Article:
Peng v. Holder

Summarized by:

  • Court: 9th Circuit Court of Appeals Archives
  • Area(s) of Law: Immigration
  • Date Filed: 03-22-2012
  • Case #: 06-75841
  • Judge(s)/Court Below: Circuit Judge N.R. Smith for the Court; Circuit Judges Alarcón and Wardlaw
  • Full Text Opinion

Irrespective of whether an alien pleaded guilty or proceeded to trial, an alien convicted of a crime involving moral turpitude before the enactment of the Illegal Immigration Reform and Immigrant Responsibility Act is eligible for waiver of deportation under § 212 of the Immigration and Naturalization Act.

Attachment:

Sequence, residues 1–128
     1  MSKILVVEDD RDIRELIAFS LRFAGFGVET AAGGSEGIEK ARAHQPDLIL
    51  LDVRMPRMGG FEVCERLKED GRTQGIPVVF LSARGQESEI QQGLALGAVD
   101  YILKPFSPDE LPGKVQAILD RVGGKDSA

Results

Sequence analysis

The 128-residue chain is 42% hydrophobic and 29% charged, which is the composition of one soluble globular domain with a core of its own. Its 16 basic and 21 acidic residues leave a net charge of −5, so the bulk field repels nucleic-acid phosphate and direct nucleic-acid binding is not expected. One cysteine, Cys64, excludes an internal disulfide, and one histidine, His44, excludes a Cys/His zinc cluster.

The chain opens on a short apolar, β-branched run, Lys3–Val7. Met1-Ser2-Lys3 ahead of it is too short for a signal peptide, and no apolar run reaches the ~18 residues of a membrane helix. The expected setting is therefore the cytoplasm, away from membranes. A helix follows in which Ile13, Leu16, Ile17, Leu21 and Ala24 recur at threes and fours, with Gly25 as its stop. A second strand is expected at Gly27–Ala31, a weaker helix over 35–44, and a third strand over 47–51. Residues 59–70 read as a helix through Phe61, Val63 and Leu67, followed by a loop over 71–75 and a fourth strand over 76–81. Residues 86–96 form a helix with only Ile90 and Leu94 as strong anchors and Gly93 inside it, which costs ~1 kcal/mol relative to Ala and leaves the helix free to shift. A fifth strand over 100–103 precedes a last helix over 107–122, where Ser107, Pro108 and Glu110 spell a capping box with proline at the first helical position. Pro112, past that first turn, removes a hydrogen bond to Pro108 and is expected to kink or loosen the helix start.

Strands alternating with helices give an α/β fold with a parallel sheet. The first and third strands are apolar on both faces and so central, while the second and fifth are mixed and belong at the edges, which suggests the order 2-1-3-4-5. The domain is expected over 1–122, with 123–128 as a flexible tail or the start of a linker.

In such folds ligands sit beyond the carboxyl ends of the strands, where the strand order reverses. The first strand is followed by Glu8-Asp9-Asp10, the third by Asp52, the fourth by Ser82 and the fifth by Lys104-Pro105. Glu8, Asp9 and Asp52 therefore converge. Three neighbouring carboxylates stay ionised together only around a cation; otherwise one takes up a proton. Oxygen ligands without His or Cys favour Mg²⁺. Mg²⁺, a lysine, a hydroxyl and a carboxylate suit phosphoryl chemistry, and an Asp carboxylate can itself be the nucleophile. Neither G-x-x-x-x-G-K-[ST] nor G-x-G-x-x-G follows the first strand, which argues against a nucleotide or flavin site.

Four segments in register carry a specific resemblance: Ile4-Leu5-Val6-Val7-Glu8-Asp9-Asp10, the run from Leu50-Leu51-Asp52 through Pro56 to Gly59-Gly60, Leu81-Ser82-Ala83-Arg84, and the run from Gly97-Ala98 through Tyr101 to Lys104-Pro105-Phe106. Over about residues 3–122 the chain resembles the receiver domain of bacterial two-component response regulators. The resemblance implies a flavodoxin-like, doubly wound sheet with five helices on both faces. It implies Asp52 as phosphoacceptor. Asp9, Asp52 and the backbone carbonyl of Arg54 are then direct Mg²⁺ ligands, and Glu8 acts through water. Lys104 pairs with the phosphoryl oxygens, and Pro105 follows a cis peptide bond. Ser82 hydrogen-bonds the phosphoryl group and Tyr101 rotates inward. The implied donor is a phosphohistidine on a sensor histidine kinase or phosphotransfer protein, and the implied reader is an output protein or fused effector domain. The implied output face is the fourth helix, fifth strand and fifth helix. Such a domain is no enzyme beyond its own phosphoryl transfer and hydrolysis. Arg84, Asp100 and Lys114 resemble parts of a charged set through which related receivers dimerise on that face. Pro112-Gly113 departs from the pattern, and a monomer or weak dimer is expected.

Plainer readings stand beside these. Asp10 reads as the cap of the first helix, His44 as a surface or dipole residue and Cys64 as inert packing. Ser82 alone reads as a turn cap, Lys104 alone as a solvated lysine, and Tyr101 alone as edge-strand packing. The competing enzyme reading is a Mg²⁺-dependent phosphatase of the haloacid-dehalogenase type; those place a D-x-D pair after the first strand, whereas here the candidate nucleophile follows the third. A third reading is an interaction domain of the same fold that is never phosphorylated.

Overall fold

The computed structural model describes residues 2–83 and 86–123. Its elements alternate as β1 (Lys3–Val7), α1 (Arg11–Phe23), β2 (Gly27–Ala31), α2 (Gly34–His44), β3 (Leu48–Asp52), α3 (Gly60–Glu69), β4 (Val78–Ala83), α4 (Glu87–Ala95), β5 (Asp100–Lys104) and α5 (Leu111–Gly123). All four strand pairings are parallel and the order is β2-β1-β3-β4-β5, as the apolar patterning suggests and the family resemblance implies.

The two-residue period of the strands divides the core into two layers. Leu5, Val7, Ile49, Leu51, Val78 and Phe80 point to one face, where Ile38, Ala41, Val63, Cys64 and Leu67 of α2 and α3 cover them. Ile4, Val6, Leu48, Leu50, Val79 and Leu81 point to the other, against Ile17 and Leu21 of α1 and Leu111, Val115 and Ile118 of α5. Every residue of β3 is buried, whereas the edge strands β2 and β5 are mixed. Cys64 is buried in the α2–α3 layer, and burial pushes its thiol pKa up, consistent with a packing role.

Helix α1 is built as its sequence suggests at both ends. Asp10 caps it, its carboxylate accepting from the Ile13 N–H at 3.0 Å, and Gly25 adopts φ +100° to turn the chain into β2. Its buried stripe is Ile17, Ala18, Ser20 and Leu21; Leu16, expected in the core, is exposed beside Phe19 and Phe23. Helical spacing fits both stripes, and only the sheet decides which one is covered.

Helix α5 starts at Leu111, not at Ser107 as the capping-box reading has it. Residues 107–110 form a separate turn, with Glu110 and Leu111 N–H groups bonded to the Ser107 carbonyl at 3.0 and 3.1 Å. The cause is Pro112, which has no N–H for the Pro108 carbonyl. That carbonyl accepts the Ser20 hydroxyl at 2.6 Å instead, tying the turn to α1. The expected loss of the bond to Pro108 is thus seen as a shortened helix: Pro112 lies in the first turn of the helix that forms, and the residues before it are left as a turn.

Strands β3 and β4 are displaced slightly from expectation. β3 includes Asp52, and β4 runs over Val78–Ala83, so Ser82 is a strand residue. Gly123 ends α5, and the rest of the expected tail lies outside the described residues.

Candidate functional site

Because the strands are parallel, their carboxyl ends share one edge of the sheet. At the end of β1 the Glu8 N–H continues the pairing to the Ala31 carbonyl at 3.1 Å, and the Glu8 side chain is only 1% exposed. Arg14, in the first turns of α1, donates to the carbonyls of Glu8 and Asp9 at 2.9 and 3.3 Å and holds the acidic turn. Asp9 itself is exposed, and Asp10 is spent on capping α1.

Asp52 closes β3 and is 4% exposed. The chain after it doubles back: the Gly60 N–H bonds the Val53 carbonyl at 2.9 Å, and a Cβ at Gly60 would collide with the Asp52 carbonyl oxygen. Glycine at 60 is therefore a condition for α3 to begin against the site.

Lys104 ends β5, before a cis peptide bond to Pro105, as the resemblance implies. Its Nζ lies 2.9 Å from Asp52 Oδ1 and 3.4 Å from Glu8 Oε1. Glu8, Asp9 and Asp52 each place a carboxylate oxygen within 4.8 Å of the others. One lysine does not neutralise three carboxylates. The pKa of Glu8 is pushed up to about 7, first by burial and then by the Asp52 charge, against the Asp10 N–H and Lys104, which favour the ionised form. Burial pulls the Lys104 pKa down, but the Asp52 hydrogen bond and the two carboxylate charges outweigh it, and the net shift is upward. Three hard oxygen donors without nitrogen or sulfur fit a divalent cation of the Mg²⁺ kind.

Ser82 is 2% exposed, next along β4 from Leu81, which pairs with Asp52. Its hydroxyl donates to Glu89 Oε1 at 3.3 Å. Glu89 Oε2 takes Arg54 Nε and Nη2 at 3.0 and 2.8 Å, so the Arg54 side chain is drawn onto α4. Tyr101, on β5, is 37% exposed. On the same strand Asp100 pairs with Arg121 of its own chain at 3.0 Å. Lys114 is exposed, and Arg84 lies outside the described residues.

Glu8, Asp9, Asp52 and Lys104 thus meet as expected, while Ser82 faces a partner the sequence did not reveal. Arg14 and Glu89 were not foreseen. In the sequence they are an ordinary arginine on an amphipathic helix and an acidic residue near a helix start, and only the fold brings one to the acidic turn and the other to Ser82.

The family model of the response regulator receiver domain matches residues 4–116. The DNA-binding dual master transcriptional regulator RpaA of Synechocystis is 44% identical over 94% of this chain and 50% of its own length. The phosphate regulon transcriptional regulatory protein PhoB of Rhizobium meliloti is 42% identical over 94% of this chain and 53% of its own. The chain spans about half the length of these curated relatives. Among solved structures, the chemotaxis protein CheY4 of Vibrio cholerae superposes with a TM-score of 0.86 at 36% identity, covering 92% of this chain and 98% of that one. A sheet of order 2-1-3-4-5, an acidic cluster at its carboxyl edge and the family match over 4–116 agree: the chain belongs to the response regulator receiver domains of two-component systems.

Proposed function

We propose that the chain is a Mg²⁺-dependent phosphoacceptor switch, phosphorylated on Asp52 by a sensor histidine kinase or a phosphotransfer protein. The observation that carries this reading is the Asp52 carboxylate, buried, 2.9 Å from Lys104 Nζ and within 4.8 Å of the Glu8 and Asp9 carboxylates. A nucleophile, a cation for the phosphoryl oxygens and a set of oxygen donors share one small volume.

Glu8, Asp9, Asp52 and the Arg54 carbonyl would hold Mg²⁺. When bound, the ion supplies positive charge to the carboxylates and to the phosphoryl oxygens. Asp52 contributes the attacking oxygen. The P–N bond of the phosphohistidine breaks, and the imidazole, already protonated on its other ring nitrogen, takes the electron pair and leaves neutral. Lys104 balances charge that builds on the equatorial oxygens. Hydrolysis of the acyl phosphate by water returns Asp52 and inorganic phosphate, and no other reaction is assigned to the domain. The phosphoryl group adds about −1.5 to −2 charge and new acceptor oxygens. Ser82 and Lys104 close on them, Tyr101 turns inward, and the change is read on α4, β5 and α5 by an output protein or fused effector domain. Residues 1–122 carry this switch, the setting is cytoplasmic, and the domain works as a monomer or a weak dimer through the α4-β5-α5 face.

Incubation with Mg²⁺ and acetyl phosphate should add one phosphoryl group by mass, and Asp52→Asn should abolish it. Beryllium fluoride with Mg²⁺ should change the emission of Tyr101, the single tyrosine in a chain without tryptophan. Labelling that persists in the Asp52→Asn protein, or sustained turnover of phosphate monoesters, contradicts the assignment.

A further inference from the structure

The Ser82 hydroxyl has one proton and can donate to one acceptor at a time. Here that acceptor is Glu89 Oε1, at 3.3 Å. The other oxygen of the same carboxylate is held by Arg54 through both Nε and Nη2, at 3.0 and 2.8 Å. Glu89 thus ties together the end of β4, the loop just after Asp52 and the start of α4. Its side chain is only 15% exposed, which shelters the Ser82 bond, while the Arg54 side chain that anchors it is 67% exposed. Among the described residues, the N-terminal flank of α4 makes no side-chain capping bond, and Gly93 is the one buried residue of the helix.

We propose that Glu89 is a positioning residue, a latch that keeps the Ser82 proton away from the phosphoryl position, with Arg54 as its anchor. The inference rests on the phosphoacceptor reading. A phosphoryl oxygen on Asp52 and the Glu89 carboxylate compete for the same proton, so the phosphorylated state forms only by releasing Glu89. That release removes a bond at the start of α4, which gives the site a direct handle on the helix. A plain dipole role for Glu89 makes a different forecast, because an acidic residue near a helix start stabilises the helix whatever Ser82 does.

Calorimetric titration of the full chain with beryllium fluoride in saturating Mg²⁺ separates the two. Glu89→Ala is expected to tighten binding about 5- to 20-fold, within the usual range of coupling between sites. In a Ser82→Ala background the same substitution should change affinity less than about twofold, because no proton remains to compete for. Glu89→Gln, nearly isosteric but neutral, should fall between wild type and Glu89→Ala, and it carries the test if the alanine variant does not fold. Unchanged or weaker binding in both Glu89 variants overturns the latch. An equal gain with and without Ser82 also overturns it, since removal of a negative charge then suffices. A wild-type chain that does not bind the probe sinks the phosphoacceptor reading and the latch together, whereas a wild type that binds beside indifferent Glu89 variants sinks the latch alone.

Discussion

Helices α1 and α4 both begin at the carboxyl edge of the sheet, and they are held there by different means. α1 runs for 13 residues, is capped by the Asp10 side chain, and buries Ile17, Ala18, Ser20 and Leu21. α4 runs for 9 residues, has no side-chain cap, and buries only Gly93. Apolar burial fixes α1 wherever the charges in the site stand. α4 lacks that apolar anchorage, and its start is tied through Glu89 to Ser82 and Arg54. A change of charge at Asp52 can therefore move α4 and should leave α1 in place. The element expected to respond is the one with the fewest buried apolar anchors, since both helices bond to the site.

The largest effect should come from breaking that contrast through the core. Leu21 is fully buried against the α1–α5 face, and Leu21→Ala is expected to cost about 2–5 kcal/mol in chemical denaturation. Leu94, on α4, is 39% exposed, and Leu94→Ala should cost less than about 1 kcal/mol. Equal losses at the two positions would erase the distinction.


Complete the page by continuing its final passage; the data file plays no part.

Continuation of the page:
An Na Peng, a citizen of China and legal permanent resident of the United States, pleaded not guilty to an indictment of one count of conspiracy to defraud the Immigration and Naturalization Service (“INS”). At the time of the indictment, a conviction would not have precluded Peng from applying for waiver of deportation under Immigration and Naturalization Act (“INA”) § 212(c). Peng was found guilty and received probation. While Peng awaited sentencing, Congress enacted the Illegal Immigration Reform and Immigrant Responsibility Act (“IIRIRA”), repealing § 212(c). IIRIRA § 304(b) added a seven-year residency requirement to INA § 212(h), and allowed a legal permanent resident to apply for a waiver of inadmissibility. The Board of Immigration Appeals (“BIA”) affirmed the Immigration Judge’s denial of Peng’s request for a waiver of inadmissibility under § 212(h) and her request for a continuance to apply for waiver of removal under former § 212(c). On appeal, Peng argued that, because she was eligible for § 212(c) relief when she proceeded to trial, applying § 304(b)’s repeal of § 212(c) relief would lead to an impermissible retroactive effect. The Court agreed, finding that § 212(c) is available to aliens who pleaded guilty and proceeded to trial, “if they can plausibly argue that they relied on the availability of relief.” The Court rejected Peng’s argument that § 212(h)’s seven-year residency requirement was “impermissibly applied retroactively to her case,” since her removal proceeding commenced nearly one year after Congress amended § 212(h). Further, in finding a rational basis for § 212(h)’s seven-year residency requirement, the Court denied Peng’s equal protection claim. GRANTED and REMANDED in part; DENIED in part.

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